- State and Stateness
- Components: Monopoly of Law, Monopoly of Violence, Monopoly of Administration
- Conceptual Enrichment - Informality
For an indepth description of Concept and Components, including references, see the Handbook.
The state is an institutionalized social and political order and organization of hierarchical authority that is in exclusive control of the monopoly of law, monopoly of physical violence and monopoly of administration throughout a given territory and its inhabitants.
The state establishes a centralized governance structure through the political regime. The state-regime-nexus is an equiprimordial nested institutional complex. The regime is an integral part of the state, and the state is a definitional part of the regime. State and regime thus form a unit of governance. As the permanent manifestation of the political organisation of authority, the regime represents the state authority that uses and exercises this power through the state.
The state´s aggregated power rests on its ability to project and implement authority throughout its territory and to generate, maintain and execute law and legal order with hierarchical supremacy of formal state law. Furthermore, the state needs the infrastructural means necessary to govern the territory through bureaucracy and enforce its laws in view of resistance.
Stateness is the extent to which the state can exercise its authority throughout its entire territory and the people living within it, it entails the state´s quantitative and qualitative dispersion and penetration of the state territory and state population through state authority. Stateness as the performance of institutions denotes that a state can insert and uphold the laws enacted by the regime across its territory, possesses the means necessary to control both territory and populations and commands a bureaucratic infrastructure to implement and exert territorial sovereignty throughout the state territory.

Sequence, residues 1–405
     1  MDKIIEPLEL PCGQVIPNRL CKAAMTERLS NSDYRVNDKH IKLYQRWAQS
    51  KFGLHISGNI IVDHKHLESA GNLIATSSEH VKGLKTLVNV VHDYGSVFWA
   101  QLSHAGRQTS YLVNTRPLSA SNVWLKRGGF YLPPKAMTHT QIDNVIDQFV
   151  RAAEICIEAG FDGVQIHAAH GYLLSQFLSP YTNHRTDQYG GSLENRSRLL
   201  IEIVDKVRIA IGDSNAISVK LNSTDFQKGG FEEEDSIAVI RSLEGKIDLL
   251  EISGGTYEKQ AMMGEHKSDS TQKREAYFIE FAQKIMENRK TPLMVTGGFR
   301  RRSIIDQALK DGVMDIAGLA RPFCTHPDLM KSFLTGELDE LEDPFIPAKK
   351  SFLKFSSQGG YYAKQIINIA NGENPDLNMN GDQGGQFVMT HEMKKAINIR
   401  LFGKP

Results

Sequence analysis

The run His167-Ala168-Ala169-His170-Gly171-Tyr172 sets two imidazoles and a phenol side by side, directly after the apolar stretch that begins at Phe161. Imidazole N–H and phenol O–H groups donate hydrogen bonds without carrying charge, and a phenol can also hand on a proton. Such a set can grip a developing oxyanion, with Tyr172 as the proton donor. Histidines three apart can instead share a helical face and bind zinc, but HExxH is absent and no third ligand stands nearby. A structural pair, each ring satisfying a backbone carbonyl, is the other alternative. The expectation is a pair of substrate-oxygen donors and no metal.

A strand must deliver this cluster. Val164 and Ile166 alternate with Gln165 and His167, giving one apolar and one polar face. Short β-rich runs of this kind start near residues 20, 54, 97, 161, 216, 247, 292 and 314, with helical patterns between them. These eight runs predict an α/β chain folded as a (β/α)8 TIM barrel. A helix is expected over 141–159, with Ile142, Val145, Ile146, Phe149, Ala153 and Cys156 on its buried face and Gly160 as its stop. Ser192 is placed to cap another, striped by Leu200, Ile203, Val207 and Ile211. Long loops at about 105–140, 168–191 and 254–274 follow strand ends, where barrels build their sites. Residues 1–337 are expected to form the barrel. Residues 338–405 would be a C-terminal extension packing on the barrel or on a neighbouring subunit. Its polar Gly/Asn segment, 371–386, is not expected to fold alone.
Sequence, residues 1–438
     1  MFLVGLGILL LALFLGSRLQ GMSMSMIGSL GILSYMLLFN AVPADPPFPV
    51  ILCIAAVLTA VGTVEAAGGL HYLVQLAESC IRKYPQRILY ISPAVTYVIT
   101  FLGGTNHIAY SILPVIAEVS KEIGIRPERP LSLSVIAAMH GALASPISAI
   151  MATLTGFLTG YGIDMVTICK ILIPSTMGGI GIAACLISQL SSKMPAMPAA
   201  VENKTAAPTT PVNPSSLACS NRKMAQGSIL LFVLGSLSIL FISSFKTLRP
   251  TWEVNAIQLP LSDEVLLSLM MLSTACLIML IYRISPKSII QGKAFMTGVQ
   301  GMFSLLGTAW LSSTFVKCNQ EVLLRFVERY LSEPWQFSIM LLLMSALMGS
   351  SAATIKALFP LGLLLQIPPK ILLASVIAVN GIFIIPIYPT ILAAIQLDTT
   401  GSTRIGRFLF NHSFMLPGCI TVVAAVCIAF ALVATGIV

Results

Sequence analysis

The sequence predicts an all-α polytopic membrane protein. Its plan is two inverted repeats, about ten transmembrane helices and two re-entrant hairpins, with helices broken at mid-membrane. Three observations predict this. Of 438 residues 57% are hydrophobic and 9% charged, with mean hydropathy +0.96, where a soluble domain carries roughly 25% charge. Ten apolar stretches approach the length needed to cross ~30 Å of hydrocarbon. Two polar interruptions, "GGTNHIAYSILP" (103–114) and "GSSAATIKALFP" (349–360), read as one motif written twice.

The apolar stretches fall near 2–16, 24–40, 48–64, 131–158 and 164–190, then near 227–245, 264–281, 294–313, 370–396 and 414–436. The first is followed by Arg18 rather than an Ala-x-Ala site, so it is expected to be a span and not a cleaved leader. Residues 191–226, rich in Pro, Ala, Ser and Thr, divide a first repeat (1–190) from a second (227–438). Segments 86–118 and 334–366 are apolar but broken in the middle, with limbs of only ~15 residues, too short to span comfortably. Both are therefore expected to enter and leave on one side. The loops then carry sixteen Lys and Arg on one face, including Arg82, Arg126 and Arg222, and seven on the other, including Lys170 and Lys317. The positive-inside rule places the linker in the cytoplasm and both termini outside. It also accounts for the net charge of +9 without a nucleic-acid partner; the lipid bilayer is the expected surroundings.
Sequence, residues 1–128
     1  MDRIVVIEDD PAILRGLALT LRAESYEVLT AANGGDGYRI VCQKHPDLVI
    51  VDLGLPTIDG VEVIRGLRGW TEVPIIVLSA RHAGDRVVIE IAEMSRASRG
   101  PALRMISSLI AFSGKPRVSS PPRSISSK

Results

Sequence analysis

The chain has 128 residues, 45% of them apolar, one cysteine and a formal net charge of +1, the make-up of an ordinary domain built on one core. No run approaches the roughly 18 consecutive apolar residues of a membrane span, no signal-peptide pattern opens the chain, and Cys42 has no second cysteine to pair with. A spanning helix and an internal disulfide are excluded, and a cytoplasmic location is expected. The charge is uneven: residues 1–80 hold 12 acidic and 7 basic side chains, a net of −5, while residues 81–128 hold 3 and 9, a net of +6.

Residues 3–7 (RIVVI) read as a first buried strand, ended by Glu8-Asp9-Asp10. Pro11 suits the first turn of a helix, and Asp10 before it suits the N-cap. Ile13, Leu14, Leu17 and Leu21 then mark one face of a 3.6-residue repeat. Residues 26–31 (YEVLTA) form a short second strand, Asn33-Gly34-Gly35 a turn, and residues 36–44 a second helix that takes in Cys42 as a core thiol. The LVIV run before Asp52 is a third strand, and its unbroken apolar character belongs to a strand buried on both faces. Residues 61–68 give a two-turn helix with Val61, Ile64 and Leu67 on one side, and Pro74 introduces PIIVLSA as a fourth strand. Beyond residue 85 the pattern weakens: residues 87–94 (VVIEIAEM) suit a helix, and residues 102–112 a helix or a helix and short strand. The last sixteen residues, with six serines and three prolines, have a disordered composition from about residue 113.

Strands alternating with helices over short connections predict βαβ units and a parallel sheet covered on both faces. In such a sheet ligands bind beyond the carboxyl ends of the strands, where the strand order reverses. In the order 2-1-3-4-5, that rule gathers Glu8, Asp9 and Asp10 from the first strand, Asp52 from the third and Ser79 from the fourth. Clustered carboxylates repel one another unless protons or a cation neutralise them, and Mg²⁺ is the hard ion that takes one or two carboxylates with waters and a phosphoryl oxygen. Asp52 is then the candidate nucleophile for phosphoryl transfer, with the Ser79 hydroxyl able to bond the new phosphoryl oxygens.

The state´s monopolies include the state´s authority as the single entity to provide and apply law, violence, and administration. The state is the sole legitimate “producer” of stateness with the exclusive rights within these monopolies, depriving individuals, or groups within society of the authority to use physical force, establish and enforce rules or implement administrative structures.
Formal institutions legally construct a state through written rules and regulations that are implemented and enforced by the state. Formal institutions are positive law, adopted through the act of a legal body and the state is the legal regulator of the creation and implementation of the legal order. This includes state law, regulations and standing orders.
Monopoly of Law
The monopoly of law is an integral part of authority and the defining component of the state in connection with the state´s monopoly of violence and administration within a confined territory. The monopoly of law combines legislation and application of law and the state´s legal order. The state´s legal authority is a combination of impersonality and formality as well as the recognition of legality of normative rules and the right of those in power (“the state”) to issue commands and execute authority.
The monopoly of law connects to and establishes the state´s legitimate claim as the hierarchical supreme authority. The legitimacy of the state does not rest on normative conditions; rather it accentuates the legal-rational logic of order. Legality emphasizes how the state operates, that is through law and legal order. States and their legal systems exist together with democratic and autocratic regimes. To avoid a democracy bias, we use legal orders in a positivist understanding and not in the normative sense of rule of law, which has an inherent relation to democracy.
Monopoly of Violence